Most of our pet parents are familiar with the dewclaw as that extra nail on the inside of their dog’s front feet. While many dogs have this extra appendage, a great many others do not because they have been removed either by the breeder or a veterinarian.
With many people removing dogs’ dewclaws, our staff at Sunrise Boulevard Animal Hospital is often asked if it is best to remove them, or not.
Doggy dewclaws aren’t without a purpose, and we are happy to share our knowledge about them with you.
The Dynamic Dewclaw
When it comes to anatomy, you may not realize that a dog’s paw has the same bone structure as your hand. A dog walks on the equivalent of your four fingers, with the thumb being the same digit as the dewclaw. Yes! Dogs do have thumbs!
A dog’s dewclaw is typically attached by bone to the rest of the paw, though it does not usually bear weight. Some dogs may not have a dewclaw at all (although these typically have been removed by humans at some point in time). Other dogs may have detached dewclaws, more than one per paw, or declaws on the back paws.
Historically, we have considered dewclaws without purpose. Many breeders began to remove them to provide a more cosmetic look and to avoid them becoming snagged and injured. As with many things, though, the more we begin to investigate, the more we find out.
We have begun to observe that normal, attached front dewclaw serve several purposes including:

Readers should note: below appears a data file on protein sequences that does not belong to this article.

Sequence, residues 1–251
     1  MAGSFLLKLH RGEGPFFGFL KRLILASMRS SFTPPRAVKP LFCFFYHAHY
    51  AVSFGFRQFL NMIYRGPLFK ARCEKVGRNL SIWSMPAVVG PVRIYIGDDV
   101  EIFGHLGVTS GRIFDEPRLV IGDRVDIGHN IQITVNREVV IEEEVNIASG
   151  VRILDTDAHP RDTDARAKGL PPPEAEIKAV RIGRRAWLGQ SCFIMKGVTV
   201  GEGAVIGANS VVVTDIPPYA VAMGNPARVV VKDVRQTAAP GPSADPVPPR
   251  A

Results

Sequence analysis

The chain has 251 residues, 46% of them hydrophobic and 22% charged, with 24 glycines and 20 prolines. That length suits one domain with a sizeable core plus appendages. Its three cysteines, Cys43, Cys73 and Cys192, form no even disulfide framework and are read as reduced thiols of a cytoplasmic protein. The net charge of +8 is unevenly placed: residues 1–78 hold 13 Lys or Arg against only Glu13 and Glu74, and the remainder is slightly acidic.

- Bearing weight at high speeds and in sharp turns
- Helping with traction on slippery surfaces
- Providing extra stability to the carpal joint
- Utility in holding items still
- When digging
- Climbing, such as trees or pulling themselves up after falling through ice, etc.
Many athletic and working dogs depend on their dewclaws for daily function.
Caring for Your Pet’s Paws
Dogs can certainly function without dewclaws and there is no need to worry if your pet’s have been removed. In general, however, we do recommend leaving your dog’s dewclaws intact if they are present.
Dewclaws may need to be surgically removed if they become injured, infected, or are affected by something like cancer.
Attached dewclaws generally require minimal extra care and rarely cause problems for the pet. In fact, routine grooming and nail trims should be all that is necessary. Extra care should be taken to be sure that the dewclaws are trimmed regularly. Since they do not typically wear down with weight bearing and may be covered in long fur, they are more prone to growing long and potentially becoming ingrown.
If you need help trimming your dog’s nails, please give us a call. We are always happy to help. You can also help keep your pet’s paws happy by keeping the hair trimmed to prevent slipping and irritation and being sure to avoid hot or harsh walking surfaces.
A dog’s dewclaws may not have always been the rage, but modern pet owners are starting to realize that they are a useful body part. When it comes to dewclaws, the team at Sunrise Boulevard Animal Hospital votes them a doggy do!